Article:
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Japan’s Anti-Nuclear Movement at High Tide

SNA (Tokyo) — On the day before the planned restart of the Sendai Nuclear Power Plant in Kagoshima Prefecture, the Shingetsu News Agency is re-releasing the 22-minute documentary it made during the summer of 2012. Looking back from today’s perspective, we can now perceive that the anti-nuclear movement was at its high tide at that period. Although the anti-nuclear protests grew steadily after the March 11, 2011, Fukushima disaster until they reached the scale of tens of thousands of people in the summer of 2012, thereafter they began to fade. The “revolution” that many activists spoke of at the time failed to occur.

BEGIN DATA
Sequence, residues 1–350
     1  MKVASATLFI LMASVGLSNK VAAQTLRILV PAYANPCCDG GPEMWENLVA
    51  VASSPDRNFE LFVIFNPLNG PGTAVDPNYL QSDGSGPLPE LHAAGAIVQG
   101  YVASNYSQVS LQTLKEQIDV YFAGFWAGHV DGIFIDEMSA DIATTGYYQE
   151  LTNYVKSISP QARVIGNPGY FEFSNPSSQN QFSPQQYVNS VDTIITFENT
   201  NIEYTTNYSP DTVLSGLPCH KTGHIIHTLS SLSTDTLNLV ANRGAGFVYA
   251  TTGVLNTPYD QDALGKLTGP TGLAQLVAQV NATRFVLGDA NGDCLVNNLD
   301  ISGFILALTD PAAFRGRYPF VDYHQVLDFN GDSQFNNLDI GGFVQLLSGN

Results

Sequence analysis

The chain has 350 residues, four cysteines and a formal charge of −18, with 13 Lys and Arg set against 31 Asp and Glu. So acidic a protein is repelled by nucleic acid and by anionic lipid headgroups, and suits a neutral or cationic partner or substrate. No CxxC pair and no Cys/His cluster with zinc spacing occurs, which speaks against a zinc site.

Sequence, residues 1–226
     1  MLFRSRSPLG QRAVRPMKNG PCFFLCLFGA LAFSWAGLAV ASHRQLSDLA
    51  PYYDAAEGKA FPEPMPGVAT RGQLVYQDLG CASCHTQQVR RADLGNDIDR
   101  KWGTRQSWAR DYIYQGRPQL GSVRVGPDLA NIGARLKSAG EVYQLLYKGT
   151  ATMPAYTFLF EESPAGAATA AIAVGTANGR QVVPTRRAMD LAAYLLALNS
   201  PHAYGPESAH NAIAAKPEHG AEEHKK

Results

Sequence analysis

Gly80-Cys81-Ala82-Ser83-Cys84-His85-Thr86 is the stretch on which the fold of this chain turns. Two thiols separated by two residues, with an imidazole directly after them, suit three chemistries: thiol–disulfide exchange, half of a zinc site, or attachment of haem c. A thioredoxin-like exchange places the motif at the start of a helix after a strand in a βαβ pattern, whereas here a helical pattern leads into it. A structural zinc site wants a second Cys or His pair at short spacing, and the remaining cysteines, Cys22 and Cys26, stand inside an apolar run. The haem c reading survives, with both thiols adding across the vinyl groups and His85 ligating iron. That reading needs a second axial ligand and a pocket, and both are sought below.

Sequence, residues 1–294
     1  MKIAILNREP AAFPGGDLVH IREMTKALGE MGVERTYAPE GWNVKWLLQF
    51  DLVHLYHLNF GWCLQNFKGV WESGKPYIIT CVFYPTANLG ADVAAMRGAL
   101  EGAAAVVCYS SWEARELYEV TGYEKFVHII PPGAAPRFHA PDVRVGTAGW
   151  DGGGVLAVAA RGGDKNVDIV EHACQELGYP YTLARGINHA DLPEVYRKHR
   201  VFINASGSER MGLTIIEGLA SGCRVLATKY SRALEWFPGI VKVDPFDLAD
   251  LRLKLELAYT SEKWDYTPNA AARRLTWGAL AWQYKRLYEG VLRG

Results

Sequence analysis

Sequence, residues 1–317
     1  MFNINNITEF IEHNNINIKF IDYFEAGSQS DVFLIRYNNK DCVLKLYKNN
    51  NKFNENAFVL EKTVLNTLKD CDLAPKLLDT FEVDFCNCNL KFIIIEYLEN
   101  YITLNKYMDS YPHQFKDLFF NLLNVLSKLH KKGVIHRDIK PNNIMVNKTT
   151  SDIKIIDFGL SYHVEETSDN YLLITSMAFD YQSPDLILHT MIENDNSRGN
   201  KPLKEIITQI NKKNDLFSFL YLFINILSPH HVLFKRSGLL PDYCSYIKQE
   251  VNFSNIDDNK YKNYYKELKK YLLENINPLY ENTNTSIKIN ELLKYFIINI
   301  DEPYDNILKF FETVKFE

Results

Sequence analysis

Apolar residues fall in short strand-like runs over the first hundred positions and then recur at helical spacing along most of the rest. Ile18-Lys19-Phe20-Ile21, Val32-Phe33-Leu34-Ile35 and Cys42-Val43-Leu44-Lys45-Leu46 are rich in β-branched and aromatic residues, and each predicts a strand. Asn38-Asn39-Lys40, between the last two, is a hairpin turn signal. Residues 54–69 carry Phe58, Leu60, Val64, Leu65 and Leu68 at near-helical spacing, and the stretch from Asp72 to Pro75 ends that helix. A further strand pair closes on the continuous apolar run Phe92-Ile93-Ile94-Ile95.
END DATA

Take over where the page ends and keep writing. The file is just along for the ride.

And yet, as the Shinzo Abe administration returns the nation to nuclear power, public opinion polls show that majorities still oppose the use of nuclear energy in Japan and that supporters are only around the 30% level. The anti-nuclear activism has faded, but the public opinion on the matter hasn’t altered much between the summer of 2012 and the summer of 2015.

Take a few minutes to watch the video above to recall the spirit of the times in Japan as it existed just three summers ago.